Port contention and PVP should spice up the combat side of things a bit, with the promise of pirate ship-captures and massive fleet matches. By completing PVE quests or killing NPCs around a port, one faction can force the zone into contention. When this happens, PVP is steadily opened up in an area demarcated around the town. Eventually a Battle Royale takes place, which entails a 24 on 24 battle between the attacking and defending factions. Players who earned their share of contention points are entered into a lottery, giving them a chance to be one of the 24 to fight for the port.

The problem is, these encounters are few and far between. I had a hard time picking PVP fights, and the port battles are obviously rare events.

When all is said and done, it seems that Flying Lab hasn't quite capitalized on the game's potential. Objectives, maps, and interfaces aren't as clear as they should be. The economy is a complicated, inter-dependent system, while the combat brings with it the tired, simple task of doing donuts in a frigate. Burning Sea feels more like an amalgamation of several concepts than a game with real focus.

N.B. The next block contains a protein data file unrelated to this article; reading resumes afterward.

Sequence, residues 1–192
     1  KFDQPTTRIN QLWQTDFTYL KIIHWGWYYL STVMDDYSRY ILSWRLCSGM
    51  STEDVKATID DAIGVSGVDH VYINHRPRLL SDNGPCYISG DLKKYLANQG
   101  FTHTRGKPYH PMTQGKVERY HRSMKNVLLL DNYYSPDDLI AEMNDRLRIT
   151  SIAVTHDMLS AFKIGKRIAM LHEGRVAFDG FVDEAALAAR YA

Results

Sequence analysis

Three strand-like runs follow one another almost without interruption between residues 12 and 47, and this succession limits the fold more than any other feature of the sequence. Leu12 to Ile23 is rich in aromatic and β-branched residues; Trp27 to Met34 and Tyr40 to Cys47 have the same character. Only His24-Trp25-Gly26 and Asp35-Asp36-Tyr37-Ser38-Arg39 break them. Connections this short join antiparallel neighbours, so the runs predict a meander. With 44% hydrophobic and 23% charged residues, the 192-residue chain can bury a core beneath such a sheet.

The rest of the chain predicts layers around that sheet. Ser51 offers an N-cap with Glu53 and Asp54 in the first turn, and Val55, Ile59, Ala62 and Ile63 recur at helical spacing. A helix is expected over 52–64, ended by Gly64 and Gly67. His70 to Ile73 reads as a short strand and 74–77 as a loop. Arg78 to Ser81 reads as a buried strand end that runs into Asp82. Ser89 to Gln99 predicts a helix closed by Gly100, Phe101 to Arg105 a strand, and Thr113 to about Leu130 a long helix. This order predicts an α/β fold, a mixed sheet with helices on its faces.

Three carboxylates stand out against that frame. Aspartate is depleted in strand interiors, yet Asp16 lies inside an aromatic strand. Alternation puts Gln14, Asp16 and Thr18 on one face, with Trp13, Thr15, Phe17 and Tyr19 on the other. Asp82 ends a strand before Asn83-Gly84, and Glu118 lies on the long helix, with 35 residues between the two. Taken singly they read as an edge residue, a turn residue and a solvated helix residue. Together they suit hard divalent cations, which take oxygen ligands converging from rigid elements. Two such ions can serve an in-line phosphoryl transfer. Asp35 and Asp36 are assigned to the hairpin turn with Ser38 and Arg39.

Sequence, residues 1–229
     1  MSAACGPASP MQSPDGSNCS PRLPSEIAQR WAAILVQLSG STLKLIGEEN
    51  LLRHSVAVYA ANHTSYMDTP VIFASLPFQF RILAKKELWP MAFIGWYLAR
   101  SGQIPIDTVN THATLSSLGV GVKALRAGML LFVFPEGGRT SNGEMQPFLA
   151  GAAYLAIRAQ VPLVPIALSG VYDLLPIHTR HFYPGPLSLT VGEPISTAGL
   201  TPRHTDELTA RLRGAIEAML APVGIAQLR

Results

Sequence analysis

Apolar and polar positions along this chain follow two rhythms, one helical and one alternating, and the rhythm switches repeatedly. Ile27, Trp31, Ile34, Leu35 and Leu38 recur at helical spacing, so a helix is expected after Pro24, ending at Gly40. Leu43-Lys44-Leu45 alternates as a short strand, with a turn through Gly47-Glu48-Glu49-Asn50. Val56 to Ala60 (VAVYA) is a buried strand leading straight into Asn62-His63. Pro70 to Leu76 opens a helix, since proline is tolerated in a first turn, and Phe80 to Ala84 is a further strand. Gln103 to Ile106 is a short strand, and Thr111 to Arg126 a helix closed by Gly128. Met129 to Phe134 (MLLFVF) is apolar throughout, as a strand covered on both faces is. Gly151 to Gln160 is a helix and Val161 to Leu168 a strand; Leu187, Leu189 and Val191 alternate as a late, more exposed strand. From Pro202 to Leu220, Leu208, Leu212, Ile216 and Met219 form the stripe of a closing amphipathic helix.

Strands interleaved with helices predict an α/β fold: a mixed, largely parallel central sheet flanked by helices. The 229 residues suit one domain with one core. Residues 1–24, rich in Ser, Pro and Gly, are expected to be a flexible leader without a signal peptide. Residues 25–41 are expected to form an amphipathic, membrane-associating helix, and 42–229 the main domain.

I was initially impressed with the basic components that MMO newcomer Flying Lab had thrown together, but in its current form, Pirates of the Burning Sea is a bit of a mixed effort. Very little of it is especially captivating or unique, but it's not a bad game, either. With a few improvements to the flow of combat, and a little polish put on its supporting mechanics, it could be an intriguing addition to Sony's vast lineup of AA massively multiplayer games. Right now, I already feel burned out.

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  • My full review on the thing:

    Economy is too vast. It's impossible for a person to even make weapon modifications on their own and not have to have someone else supplying some of the base ingredients. You also have to spread out across multiple ports, which makes you very vulnerable in the event another nation starts trying to conquer it.